Kemeny ran an equally spectacular race, proving that it’s not just whether you win or lose, but how you play the game. The Florida resident competed in the Ironman World Championship in 2009 and traveled there last year with a group of athletes he coaches, but he only races once every year or so. “People ask why I don’t race very often. I need a race that fits my personality,” he says. “I don’t like events where people are always looking for sponsorships or taking the competition to a cut throat level. I need a different atmosphere.” He demonstrated that in sublime fashion on the second day. When his closest pursuer, former Ultraman United Kingdom champ Inaki De La Parra, went down on the bike, Kemeny went ahead to let his support crew know, then rode back and stayed with De La Parra until help arrived. “It cost me between five to eight minutes, but that’s not what matters. There’s more to it than that.”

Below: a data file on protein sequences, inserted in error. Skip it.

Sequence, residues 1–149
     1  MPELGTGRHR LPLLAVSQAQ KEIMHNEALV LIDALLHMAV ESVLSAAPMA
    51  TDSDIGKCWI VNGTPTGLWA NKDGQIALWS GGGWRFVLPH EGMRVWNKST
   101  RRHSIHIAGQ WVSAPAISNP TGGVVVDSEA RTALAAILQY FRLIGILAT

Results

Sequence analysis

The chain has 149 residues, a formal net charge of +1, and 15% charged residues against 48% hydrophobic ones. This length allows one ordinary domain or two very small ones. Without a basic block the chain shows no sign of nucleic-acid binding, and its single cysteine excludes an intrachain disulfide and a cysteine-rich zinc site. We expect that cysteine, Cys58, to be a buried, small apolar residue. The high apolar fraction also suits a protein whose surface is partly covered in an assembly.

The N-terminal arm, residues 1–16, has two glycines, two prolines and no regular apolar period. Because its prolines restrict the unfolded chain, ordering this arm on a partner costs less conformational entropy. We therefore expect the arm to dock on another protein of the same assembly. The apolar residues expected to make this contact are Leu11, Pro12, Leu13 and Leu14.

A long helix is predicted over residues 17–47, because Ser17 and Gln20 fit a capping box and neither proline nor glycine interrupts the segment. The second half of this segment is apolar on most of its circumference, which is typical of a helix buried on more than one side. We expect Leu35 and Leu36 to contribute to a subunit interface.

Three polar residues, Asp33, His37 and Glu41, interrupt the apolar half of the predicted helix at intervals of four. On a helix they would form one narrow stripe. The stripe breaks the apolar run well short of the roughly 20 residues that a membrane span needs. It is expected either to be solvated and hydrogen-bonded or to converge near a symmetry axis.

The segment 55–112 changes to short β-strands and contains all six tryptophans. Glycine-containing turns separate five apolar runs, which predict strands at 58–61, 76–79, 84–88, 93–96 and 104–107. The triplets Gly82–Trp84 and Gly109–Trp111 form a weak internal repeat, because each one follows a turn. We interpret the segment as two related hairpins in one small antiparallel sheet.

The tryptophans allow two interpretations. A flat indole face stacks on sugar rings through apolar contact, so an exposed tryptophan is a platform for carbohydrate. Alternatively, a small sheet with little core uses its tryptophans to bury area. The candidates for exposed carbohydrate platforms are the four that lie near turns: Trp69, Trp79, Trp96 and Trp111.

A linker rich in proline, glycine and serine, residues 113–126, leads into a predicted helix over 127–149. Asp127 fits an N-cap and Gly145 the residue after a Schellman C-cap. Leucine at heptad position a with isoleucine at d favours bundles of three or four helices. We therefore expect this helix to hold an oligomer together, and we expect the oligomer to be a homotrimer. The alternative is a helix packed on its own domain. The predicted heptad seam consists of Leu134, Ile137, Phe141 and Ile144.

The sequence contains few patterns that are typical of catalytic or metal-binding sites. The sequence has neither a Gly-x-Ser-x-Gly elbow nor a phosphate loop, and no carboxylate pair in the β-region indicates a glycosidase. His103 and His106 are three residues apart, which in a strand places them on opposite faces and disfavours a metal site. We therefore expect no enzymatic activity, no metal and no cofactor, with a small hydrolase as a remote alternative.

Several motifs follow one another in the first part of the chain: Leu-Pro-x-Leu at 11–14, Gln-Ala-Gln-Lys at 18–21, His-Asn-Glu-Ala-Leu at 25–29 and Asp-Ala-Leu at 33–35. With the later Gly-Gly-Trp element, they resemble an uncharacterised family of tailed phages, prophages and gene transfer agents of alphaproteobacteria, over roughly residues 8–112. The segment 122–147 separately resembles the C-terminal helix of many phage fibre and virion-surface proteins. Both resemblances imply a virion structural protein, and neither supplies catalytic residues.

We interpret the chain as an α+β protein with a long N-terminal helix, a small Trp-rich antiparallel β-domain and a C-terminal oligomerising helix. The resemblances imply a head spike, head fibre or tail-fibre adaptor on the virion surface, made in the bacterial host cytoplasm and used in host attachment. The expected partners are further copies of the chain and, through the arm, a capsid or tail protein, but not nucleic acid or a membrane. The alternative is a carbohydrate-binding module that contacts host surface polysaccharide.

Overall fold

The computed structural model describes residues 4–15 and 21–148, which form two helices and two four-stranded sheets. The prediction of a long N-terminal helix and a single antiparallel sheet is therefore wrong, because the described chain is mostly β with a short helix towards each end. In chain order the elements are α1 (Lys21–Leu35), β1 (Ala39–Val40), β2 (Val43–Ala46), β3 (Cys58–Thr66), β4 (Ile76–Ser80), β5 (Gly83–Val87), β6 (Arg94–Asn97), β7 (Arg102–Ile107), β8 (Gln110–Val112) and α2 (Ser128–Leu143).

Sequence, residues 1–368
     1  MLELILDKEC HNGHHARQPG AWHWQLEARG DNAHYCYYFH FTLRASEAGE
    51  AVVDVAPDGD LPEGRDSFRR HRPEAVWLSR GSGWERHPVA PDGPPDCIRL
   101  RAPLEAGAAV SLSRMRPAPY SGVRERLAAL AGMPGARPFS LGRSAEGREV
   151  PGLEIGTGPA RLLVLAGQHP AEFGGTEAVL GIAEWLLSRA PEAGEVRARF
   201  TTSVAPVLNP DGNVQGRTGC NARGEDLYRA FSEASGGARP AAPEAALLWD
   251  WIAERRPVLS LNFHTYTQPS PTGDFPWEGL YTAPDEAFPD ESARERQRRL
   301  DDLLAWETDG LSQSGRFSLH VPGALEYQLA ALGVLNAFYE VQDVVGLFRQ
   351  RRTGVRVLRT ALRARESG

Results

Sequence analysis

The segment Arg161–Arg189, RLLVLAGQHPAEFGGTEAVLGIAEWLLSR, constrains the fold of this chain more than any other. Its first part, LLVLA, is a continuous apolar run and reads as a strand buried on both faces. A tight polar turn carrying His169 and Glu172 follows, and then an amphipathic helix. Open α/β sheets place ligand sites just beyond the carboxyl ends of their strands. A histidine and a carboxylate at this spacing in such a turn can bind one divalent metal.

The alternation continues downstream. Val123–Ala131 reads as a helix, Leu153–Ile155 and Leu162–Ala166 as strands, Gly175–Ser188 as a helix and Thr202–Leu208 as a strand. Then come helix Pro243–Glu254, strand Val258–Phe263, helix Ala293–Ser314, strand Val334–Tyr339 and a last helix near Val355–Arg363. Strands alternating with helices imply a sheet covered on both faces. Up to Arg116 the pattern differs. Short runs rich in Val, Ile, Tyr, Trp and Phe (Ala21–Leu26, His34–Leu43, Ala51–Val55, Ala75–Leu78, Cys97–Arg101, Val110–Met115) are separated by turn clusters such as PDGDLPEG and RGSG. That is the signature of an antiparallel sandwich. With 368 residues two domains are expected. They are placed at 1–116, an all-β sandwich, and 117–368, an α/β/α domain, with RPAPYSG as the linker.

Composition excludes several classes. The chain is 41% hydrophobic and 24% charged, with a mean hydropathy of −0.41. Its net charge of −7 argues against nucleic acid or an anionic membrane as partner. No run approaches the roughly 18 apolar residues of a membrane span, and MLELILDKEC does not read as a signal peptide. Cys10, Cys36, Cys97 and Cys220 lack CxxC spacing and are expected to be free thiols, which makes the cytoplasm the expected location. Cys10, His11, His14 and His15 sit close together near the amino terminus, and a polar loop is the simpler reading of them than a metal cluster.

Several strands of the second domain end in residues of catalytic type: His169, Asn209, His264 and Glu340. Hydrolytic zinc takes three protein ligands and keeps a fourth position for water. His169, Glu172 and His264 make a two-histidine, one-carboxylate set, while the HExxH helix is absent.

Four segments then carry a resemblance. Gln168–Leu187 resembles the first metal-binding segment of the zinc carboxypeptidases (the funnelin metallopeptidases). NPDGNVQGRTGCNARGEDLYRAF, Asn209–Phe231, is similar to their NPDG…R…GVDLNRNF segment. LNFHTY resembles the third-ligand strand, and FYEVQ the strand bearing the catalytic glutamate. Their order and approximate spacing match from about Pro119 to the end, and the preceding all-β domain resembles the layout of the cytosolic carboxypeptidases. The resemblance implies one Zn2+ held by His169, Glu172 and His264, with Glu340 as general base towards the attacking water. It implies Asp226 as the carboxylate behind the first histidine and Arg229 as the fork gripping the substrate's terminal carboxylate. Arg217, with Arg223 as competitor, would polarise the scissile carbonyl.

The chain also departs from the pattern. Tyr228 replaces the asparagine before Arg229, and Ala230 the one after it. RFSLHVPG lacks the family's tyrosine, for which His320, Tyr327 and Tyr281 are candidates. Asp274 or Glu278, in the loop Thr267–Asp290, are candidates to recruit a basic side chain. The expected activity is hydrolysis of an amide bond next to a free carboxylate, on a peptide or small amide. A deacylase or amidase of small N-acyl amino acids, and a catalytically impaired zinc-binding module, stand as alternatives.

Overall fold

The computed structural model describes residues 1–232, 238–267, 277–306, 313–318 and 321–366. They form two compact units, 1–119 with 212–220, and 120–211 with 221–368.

He doesn’t deny that a certain personal challenge emanated from the race clock, though. When he found out on the third day that a 7:07 double marathon would garner him the fastest ever finish at an Ultraman, he went for it. A project manager for the IT department at Florida State as well as a coach, his entire approach to his race preparation and crew selection was as methodically precise as a lunar landing. For his crew he selected his best friend, a nurse and a physical therapist, the latter two also being athletes he coaches. It gave him peace of mind to know that the people taking care of him had both professional expertise and personal knowledge. “They always had me taken care of. I don’t think I ever had to ask for a thing. This was different from anything else I’ve ever done. Ultraman is a team sport, and I’m really proud of my crew.” Equally clinical was his training schedule, which almost ran him into difficulties. “I think I rode outside once in the last year. It’s all about efficiency. I want to spend as much time as I can with my family, and four or five hours on the trainer equals six or seven outside. It made things a little scary in the winds, though, and I wasn’t used to getting out of the saddle to pedal up some of the hills. I was definitely not as confident descending, either. Some guys hit 40-50mph going downhill, and I was keeping it between 15 and 20.” Yet through the rain, hills, Kona-level winds and even the demands of his own conscience, he still prevailed. With a time of 21:38:32, Kemeny now the fastest Ultraman in history. Does that bode for an attempt to become the fastest man at the Ultraman World Championships this year? He’s not sure. Neither is Shelley.